I was reading a article in the ITIJ and it made me think of a particularly trying time in hospital in France, waiting for the results of x-rays in a busy, stressful hospital. I never used to bother with insurance and traveled to the same ski regions every year or so for 20 years and never had a problem with injury, but that time I ended up with a broken ankle and a nice bill sliding through my door on my return. If I was a good, careful skier, took no risks on the slopes and consistently suffered no more than a sunburned nose then why did I need insurance? It turns out even the most cautious of snowbirds sometimes ends up on the wrong end of a misplaced tree.
A recent survey by Sainsbury’s Bank showed how ski injury claims are soaring in certain regions of the world. For example, ski claims for injury by British holidaymakers leapt by 97.5 percent from 2010 to 2011 in Bulgaria. Other European destinations see a similar upward trend in ski injury claims. However, in other parts of the world the reverse is happening. New Zealand’s Accident Compensation Corporation (ACC) wrote a report showing ski injury claims were down dramatically in the same time period. Why the difference, and does it mean that you can get away without buying insurance if you are skiing in the southern hemisphere?
Ski injuries dropped in New Zealand, according to the NZ Snowsports Council, because of the implementation of an injury prevention program. In the last six seasons, according to experts, the injury rate per 1,000 visits dropped by 30 percent. These safety initiatives include improved trail design (no more running into areas of unsuitable snow by mistake), improved signs to help skier stay on the right path, machine-made snow for a smoother ride, dedicated safety personnel, a new Snow Responsibility Code and a National Incidence Database with accident reports, ski binding testings, and a lot of information and awareness campaigns for skiers before they hit the slopes.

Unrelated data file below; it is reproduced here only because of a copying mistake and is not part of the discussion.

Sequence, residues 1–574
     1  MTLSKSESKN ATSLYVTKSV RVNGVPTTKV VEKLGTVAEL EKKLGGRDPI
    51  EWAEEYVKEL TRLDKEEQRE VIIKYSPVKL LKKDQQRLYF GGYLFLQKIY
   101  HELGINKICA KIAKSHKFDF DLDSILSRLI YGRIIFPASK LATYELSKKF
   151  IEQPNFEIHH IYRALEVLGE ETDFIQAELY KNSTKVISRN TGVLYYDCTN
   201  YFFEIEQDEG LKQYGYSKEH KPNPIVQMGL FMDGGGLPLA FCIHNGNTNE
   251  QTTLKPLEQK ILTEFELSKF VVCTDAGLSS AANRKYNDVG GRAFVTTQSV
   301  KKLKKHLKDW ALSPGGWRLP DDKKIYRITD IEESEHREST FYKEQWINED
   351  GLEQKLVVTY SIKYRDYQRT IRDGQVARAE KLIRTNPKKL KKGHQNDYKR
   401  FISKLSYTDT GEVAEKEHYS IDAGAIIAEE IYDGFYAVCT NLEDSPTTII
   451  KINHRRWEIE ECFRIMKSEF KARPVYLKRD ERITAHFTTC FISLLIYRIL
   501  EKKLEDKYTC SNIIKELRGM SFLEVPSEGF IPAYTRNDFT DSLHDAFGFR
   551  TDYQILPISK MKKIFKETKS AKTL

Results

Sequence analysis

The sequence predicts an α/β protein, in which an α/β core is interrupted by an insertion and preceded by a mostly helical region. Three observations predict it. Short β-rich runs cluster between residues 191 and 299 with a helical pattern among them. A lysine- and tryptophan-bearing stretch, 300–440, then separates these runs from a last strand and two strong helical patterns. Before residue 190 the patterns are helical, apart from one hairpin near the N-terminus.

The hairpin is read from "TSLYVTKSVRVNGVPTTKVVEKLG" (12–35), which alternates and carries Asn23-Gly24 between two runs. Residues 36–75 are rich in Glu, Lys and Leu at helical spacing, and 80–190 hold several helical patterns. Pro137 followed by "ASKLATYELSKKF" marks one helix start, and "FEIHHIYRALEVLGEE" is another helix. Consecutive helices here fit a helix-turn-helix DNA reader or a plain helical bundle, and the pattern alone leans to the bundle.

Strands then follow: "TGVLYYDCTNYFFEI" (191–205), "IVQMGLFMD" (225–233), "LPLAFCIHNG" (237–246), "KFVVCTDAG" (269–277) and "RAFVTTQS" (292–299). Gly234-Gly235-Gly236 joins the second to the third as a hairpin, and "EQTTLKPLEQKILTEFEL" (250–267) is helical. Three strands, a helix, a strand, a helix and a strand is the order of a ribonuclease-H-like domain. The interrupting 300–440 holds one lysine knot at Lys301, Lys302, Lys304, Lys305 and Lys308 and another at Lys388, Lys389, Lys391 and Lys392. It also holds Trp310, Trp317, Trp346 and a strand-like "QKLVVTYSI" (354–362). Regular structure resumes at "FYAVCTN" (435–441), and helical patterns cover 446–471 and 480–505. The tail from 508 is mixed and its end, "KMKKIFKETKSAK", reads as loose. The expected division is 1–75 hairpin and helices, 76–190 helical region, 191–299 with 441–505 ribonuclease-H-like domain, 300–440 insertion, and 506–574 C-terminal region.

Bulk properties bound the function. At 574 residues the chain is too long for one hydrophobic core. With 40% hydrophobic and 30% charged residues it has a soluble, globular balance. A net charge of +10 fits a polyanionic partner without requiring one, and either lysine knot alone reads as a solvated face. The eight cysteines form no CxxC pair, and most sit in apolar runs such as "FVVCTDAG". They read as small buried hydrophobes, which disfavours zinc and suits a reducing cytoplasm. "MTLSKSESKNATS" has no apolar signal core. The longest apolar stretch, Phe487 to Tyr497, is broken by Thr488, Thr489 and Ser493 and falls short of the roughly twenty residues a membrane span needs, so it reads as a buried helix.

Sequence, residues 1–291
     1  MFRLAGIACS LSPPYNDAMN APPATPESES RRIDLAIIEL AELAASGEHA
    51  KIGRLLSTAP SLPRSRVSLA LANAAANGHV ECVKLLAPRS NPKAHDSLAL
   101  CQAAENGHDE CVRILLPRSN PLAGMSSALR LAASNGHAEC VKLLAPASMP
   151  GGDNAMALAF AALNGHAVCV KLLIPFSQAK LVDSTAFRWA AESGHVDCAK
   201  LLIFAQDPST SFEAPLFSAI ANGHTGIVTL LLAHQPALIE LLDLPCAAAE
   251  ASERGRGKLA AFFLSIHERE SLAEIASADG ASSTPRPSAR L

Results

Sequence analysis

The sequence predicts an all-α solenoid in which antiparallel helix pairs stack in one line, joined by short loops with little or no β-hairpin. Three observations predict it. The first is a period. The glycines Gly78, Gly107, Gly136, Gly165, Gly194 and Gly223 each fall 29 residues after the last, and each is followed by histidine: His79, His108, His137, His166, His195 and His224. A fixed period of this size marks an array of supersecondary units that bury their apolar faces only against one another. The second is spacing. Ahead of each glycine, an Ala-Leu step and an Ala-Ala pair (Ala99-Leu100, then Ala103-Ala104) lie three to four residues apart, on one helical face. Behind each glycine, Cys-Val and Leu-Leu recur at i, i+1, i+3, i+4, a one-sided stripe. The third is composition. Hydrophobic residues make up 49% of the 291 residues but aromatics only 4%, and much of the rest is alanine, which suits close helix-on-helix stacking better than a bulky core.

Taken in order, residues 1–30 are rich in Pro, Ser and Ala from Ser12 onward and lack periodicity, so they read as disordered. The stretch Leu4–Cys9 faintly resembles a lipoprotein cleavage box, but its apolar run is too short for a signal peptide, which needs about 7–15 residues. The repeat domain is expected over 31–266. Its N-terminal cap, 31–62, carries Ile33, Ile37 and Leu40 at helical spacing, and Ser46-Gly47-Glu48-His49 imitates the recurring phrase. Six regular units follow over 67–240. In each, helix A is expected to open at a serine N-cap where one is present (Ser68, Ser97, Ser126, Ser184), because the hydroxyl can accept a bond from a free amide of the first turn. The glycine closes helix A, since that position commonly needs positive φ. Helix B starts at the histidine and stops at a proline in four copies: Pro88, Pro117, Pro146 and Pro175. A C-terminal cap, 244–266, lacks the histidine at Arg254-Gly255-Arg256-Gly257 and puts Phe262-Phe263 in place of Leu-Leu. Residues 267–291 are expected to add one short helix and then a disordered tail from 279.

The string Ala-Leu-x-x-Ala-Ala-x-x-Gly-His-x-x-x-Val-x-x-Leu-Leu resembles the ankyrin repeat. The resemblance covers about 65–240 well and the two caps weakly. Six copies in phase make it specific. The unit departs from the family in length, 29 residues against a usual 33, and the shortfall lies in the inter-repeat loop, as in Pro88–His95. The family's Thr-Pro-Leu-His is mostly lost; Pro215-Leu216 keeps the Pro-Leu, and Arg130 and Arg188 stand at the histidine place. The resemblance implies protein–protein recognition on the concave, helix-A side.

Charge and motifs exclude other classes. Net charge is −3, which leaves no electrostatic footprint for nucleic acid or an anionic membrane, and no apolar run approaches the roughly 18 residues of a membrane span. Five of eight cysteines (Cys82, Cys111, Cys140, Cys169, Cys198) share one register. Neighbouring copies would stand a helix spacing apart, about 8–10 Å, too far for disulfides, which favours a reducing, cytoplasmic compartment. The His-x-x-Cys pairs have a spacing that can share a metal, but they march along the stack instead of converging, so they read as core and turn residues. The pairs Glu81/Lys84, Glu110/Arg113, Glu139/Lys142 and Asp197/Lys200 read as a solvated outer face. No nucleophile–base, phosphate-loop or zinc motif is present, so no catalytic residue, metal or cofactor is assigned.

If the resort is well-run and you get the benefit of these extra safety initiatives, do you still need insurance? It’s true that there are many ways you can take matters into your own hands by protecting yourself on the slopes. Wear a helmet. This is one of the easiest ways you can be safer on the slopes. In fact, several insurers deem it to be so important that they will not cover skiers who do not wear a helmet, for example Essential Travel insurers in the UK. Learn how to fall correctly – if you end up in the snow without dropping your poles first you can break your thumb. Wear protective gear and make sure all your clothing and equipment is well-maintained and fits you properly. If you are a beginner, make sure you have a few lessons before you hit the slopes so you know how to handle yourself in the snow. Similarly, if you are a beginner don’t take on too much and steer clear of difficult conditions.
You can be safe but you never know when some idiot is going to come barreling down the mountain on a run they are not prepared for, and crash into you. Like me, you could consider yourself an extra-cautious skier but other people are not. Insurance may not save you from accidents but it will save you from the bill. Take, for example, the Atlas Travel Series With Hazardous Sports Rider. You get sports travel insurance with an emergency medical evacuation service, including good coverage for ski injuries – the hazardous sports rider includes snow skiing and snow boarding. You may not consider skiing to be a hazardous sport but it can be expensive if things go wrong – an air ambulance can cost up to £9,000. Plus, once you’ve bought your insurance package you can forget about it and concentrate on being the best skier on the slopes this season.